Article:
The companies that faced these cyber attacks included Fortune 100 corporations developing compounds and advanced materials, and the businesses that manufactured infrastructure for these corporations. The report did not identify the companies being attacked but stated that they were mainly based in the United States and the United Kingdom.
The Symantec cyber campaign, which ran from late July through mid-September also identified a computer in the United States, owned by a Chinese man to be behind these attacks. Researchers gave the man the pseudonym “Covert Grove” based on a literal translation of his name.
“We are unable to determine if Covert Grove is the sole attacker or if he has a direct or only indirect role. Nor are we able to definitively determine if he is hacking these targets on behalf of another party or multiple parties,” Symantec stated.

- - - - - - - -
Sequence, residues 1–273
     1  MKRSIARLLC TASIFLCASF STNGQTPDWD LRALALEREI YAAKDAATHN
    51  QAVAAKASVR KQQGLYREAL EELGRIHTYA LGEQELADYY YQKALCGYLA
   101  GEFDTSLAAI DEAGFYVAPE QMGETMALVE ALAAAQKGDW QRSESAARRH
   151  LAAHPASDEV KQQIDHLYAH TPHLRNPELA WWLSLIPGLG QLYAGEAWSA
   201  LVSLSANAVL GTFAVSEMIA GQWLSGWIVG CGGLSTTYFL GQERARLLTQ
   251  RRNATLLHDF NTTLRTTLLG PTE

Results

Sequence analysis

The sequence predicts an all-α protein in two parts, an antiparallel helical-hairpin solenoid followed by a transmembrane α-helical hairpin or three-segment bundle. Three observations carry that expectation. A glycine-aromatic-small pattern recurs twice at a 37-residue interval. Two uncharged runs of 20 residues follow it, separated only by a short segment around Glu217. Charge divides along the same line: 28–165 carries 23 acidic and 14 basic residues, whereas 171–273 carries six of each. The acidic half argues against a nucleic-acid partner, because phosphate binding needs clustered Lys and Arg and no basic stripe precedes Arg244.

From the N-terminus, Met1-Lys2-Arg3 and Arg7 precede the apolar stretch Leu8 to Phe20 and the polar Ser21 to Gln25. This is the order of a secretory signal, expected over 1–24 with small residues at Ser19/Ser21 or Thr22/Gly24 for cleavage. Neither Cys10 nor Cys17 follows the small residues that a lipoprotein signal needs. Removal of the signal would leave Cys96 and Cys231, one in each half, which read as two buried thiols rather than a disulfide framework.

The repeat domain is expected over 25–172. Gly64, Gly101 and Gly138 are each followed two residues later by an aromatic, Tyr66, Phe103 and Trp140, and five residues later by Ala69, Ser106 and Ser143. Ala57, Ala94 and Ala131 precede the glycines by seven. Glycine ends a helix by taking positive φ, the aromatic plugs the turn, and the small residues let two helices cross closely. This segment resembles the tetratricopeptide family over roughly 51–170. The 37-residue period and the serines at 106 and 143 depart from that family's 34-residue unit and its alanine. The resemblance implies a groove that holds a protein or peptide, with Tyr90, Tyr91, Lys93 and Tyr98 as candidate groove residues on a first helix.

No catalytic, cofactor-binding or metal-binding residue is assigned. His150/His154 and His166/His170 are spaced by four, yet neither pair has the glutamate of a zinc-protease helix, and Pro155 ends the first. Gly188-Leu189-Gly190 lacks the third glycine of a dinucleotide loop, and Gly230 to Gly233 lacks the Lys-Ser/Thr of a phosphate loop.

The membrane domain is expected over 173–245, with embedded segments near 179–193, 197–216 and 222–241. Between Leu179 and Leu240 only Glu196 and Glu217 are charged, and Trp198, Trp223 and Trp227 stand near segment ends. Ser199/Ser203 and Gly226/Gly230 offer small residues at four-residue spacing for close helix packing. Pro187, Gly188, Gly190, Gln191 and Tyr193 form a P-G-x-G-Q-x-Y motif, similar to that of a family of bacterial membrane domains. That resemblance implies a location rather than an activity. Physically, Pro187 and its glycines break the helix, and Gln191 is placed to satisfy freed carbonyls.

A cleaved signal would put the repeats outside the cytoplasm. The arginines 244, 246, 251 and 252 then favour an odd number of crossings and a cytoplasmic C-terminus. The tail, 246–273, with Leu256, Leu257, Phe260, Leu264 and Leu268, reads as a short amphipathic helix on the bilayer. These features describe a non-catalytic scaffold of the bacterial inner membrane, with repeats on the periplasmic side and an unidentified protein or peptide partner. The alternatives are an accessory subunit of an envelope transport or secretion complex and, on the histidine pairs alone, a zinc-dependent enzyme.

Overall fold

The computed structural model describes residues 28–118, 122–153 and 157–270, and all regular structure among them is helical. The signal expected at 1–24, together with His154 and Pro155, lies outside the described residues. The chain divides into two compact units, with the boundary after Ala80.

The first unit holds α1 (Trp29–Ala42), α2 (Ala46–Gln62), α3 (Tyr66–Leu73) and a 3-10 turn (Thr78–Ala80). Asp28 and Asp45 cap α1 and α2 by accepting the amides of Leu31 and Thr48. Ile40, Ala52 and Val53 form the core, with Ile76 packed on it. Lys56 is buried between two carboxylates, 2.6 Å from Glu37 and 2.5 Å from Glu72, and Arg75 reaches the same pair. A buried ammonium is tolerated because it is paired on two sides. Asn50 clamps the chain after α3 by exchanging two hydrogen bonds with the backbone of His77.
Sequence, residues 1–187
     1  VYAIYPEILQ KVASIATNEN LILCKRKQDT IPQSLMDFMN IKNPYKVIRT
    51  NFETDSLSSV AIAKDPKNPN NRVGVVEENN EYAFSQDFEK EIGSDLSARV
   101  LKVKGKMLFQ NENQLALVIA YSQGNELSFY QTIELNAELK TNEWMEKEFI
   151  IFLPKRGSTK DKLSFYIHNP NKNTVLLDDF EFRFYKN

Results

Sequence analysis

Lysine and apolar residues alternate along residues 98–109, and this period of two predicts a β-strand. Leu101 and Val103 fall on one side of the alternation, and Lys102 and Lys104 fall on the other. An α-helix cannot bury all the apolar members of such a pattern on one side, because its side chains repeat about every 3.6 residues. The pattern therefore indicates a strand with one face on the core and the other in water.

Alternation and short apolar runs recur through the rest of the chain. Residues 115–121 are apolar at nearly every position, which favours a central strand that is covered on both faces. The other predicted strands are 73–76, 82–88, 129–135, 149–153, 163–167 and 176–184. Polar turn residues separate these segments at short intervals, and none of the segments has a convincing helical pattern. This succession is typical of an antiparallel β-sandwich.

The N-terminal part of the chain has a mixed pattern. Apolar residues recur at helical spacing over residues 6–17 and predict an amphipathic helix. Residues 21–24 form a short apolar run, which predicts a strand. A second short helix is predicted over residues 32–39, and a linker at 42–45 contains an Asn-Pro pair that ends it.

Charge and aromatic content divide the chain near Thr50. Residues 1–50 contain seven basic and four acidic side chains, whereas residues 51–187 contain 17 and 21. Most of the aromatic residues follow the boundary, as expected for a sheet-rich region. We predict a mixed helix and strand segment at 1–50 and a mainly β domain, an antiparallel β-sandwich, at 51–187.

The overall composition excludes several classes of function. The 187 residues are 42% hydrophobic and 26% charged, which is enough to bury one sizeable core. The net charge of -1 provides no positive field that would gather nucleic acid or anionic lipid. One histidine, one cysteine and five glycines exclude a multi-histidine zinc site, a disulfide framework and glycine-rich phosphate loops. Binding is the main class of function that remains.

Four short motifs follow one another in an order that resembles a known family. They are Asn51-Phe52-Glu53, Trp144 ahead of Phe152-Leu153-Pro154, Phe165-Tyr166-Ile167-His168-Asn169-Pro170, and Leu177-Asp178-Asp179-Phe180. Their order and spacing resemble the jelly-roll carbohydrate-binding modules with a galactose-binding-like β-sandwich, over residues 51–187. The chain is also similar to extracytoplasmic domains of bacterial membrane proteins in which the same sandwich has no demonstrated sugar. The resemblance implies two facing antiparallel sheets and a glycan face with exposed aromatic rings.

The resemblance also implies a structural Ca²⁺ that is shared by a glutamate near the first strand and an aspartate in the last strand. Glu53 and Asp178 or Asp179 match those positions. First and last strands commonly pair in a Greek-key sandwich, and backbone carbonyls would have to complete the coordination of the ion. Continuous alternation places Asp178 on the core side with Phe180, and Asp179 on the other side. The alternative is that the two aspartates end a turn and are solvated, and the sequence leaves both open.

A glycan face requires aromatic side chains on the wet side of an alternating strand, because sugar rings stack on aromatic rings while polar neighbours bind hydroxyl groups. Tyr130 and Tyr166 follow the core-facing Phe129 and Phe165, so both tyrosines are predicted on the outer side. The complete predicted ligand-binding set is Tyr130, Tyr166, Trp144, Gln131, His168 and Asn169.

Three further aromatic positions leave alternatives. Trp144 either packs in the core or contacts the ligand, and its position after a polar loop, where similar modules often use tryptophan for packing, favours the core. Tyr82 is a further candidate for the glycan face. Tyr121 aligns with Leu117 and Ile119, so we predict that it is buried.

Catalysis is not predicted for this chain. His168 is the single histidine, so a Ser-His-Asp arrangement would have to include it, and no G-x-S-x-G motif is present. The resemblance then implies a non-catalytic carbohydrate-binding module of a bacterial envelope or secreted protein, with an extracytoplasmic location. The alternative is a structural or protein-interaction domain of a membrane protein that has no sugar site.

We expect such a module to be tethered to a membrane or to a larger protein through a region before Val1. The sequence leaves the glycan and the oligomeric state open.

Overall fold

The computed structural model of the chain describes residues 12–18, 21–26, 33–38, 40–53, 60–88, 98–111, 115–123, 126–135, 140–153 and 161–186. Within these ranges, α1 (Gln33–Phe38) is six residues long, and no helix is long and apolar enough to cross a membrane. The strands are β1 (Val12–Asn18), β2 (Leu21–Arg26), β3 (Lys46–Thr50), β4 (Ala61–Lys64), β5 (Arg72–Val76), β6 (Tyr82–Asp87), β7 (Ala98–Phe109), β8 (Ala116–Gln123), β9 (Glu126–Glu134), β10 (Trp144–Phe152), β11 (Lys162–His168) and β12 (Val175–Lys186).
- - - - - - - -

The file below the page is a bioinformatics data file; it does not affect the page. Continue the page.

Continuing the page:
According to Symantec, the cyber attacks infected the computers with malicious software known as “PoisonIvy,” which stole information such as design documents, formulas and details on manufacturing processes. The purpose of the attacks appears to be industrial espionage, collecting intellectual property for competitive advantage.
The attackers sent emails with tainted attachments to between 100 and 500 employees at a companies being attacked, claiming to be from business partners or to contain bogus security updates. When a recipient opened the attachment, it installed PoisonIvy, a Remote Access Trojan (RAT) that can take control of a machine. The hackers then identified desired intellectual property, copied it and uploaded it to a remote server.